Fox pups

We have four or five fox dens within about a quarter mile of our house, most dug into the steep hillsides of the roadside right-of-way bordering our acreage. Most of our neighbors know the dens are there, and it’s not uncommon at this time of year to see one or more cars idling at the roadside, camera extended in the direction of one of the dens, the vehicle occupants hoping to catch a picture of at least one of the den’s pups venturing out into the daylight.

Earlier this year, I wrote about our desire to keep the resident foxes in the area. The fact that foxes have made their homes here means that coyotes have not, since the two don’t generally share the same territory. While coyotes can attack and kill adult sheep, foxes are a threat to only the very smallest lambs — and when ours are that small, they’re kept within the safety of our barns where the fox are not a threat. As a result, we appreciate every new fox den in the area. To me, a growing fox population means a much lower threat to our lambs overall — a true reason to celebrate.

I also have to admit that the fox are beautiful to watch. Throughout the growing season, we see them come and go, sunning themselves on our hillsides, eating fallen fruit in the orchard, or happily celebrating the discovery of a random egg near our chicken coop — an egg that I have occasionally left as encouragement to the fox to remain our neighbors. They are beautiful, graceful creatures — and the stories of their cunning and intelligence are not exaggerated. They are smart animals that can often find their way into our buildings, even when we think we have outsmarted them. I’m a big fox fan, even if they sometimes get into things I  wish they would not!

As a result, I am one of those people who drive very slowly along our gravel road at this time of year. Not only am I looking for the pups who hide in the roadside growth, but I’m also aware that as they mature, they begin to wander a greater distance from their dens — and this can lead them into the roadway in front of moving vehicles. The last thing I want is to injure or kill one of our young canid neighbors!

My first glimpse of this year’s pups was this past weekend. This little one is enjoying the sun and warmth of a lovely spring day.

After many thwarted attempts at seeing one of the pups that I knew were living in dens along our roadside, I finally got my first look this past weekend. I passed the closest den as I quickly exited the driveway, but then I slowed down to see whether I could find any pups outside the second or third den on the way towards the paved road about 3/4 mile away. I hadn’t gone far when I suddenly spied one of the pups standing in a den opening, taking in the morning air and warm sun.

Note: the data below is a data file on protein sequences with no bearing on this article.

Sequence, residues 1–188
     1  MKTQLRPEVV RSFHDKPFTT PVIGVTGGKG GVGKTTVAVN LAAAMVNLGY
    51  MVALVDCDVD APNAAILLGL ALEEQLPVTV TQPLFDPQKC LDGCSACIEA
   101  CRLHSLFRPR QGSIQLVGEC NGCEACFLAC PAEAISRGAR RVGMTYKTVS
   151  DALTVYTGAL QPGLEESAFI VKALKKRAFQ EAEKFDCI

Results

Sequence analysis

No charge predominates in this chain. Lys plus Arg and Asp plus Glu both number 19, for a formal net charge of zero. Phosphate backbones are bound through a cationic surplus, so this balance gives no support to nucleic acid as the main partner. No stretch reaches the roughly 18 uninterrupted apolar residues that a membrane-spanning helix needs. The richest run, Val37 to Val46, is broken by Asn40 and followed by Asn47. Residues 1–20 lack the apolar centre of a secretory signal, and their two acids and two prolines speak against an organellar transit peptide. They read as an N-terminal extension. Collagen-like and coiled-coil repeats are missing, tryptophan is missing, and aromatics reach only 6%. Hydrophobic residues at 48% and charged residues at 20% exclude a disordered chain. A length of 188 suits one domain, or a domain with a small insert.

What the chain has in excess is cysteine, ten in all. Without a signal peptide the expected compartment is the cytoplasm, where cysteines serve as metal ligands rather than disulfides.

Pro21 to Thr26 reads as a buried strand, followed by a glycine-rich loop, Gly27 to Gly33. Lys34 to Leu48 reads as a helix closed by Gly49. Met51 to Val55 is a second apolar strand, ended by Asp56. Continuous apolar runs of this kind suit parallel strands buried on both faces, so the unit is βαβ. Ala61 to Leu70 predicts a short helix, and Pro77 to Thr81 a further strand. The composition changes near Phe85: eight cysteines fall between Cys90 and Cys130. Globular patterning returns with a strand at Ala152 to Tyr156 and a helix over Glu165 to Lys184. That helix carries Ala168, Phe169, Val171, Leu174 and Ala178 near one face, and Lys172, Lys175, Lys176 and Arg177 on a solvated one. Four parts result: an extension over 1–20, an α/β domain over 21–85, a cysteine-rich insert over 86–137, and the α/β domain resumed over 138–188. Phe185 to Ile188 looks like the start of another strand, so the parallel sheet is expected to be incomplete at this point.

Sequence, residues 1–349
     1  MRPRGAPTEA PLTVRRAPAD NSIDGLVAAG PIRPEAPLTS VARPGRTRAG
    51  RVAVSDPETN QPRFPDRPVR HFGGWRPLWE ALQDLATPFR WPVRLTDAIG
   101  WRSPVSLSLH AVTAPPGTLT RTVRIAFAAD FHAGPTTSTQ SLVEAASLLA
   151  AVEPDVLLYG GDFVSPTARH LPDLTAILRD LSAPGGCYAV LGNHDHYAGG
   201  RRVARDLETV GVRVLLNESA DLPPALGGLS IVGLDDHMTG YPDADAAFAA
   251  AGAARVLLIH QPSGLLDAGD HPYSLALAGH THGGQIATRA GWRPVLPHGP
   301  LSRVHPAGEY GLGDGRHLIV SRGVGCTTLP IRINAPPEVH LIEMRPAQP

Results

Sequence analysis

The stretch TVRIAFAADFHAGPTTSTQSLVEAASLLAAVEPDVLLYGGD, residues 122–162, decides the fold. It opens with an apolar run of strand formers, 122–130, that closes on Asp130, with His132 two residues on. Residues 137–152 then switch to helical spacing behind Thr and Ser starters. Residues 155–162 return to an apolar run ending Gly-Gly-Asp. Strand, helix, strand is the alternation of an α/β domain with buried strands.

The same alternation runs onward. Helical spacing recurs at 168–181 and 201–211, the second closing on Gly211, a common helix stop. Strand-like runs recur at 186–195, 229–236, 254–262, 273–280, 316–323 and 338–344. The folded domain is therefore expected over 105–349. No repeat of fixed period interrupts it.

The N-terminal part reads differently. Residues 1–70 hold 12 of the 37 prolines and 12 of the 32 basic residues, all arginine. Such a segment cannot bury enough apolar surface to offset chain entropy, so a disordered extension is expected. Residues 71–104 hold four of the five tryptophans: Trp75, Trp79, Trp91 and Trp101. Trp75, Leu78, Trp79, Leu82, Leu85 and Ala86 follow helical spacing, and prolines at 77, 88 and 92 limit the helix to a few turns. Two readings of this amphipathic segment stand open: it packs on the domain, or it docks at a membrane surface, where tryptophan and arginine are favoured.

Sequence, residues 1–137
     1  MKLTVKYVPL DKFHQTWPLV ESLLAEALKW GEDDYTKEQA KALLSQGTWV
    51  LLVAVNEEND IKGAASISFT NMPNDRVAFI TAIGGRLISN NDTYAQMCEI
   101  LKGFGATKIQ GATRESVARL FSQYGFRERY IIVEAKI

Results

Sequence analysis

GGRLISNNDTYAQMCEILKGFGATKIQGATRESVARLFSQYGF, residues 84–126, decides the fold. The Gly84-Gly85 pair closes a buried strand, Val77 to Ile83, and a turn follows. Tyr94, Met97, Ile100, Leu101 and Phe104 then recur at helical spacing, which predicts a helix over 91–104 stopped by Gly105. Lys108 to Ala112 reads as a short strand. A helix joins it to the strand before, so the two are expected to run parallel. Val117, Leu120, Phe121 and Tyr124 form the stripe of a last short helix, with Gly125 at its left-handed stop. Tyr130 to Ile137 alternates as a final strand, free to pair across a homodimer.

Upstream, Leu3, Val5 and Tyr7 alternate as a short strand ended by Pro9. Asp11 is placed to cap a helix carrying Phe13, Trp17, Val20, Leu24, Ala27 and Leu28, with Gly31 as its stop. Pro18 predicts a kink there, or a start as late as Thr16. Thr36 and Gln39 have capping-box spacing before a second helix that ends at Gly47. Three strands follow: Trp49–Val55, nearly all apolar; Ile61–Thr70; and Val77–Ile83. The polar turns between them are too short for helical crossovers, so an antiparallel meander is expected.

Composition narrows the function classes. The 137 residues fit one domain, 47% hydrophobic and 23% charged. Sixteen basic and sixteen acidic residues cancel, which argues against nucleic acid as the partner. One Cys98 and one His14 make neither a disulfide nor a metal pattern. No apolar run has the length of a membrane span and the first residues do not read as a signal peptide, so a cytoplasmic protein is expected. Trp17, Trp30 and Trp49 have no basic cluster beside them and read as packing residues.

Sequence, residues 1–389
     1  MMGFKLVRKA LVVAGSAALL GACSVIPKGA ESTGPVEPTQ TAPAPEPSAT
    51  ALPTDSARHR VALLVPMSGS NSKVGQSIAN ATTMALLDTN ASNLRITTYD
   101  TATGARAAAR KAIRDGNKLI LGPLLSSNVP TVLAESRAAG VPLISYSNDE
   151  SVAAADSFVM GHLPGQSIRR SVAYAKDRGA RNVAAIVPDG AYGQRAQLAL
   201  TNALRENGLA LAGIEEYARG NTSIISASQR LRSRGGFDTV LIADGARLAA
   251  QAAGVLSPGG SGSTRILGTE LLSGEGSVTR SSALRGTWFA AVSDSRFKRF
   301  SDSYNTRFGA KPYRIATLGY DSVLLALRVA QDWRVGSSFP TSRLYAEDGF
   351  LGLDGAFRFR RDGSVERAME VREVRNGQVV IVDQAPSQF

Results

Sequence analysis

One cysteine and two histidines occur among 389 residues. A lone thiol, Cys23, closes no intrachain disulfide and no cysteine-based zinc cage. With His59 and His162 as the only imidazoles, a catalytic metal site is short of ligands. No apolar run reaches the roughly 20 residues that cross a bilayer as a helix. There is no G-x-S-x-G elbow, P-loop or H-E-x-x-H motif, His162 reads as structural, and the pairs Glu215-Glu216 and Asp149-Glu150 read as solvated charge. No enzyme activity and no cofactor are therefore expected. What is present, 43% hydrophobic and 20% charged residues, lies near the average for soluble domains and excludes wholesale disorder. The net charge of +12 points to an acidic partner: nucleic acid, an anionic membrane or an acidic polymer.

Although I stopped literally in front of the little one in my big truck and rolled down the window, it was not at all afraid. It stood there looking at my truck and listening to the music from my radio. I worried that it wasn’t more concerned for its safety with such a large thing so close on the road, but then I remembered the many cars and trucks I’d seen idling there over the past weeks. This pup had likely seen many vehicles before and obviously viewed them as no threat. I finally decided to move on down the road, looking for the next den that lay not far ahead.

This pup eats a rabbit that was recently deposited for breakfast.

As I got close to the dirt mound that signaled the next den, I saw an adult fox lope off under the fence and into my neighbor’s cattle pasture. There, within feet of the den opening, was a fox pup busily devouring a rabbit that the parent had just dropped off. Whether it had been alive when delivered for a bit of hunting practice or already dead for a simple meal, the pup was obviously hungry and was devouring it with gusto. Again, this pup had no fear of my presence, whether I was inside the vehicle or out. It happily worked on its breakfast, only too happy to pause now and then for a photo as I maneuvered for a good angle.

The rabbit-eating pup was not far from its den, which can be seen on the far right as a mound of sand in front and to the left of the den opening.

Eventually I got back in my truck and continued into town, feeling privileged to have gotten such a good look at our new neighbors. I only hope that the pups will continue to find our neighborhood friendly and safe, eventually digging their own dens into one of the many hillsides and raising their own pups here one day.

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